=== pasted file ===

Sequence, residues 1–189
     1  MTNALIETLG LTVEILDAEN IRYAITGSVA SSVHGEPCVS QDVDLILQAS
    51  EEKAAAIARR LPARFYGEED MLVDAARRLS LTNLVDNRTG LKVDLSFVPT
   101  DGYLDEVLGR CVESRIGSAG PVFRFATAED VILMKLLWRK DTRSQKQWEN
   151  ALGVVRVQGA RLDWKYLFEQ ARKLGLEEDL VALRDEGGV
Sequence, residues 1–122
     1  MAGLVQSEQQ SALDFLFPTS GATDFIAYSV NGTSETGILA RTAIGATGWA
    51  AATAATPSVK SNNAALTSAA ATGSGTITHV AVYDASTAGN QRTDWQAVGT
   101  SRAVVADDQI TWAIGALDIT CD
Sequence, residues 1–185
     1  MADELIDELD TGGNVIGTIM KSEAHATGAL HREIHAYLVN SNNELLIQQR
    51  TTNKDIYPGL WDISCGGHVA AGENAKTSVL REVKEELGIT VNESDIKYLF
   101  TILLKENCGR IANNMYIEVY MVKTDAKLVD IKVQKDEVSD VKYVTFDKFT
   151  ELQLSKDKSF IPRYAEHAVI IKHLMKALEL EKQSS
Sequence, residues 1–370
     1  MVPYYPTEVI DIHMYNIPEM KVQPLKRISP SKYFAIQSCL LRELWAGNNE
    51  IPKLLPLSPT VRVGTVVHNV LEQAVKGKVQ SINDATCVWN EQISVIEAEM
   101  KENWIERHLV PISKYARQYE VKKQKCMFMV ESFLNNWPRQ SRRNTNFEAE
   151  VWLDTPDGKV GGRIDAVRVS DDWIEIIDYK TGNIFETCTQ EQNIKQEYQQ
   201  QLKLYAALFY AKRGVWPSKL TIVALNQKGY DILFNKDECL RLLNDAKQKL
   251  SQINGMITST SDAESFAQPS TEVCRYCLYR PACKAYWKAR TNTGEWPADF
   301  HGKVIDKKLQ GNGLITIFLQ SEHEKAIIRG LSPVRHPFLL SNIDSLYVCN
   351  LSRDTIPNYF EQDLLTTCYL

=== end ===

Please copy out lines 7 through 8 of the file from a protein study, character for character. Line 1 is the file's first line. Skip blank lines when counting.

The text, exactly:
     1  MAGLVQSEQQ SALDFLFPTS GATDFIAYSV NGTSETGILA RTAIGATGWA
    51  AATAATPSVK SNNAALTSAA ATGSGTITHV AVYDASTAGN QRTDWQAVGT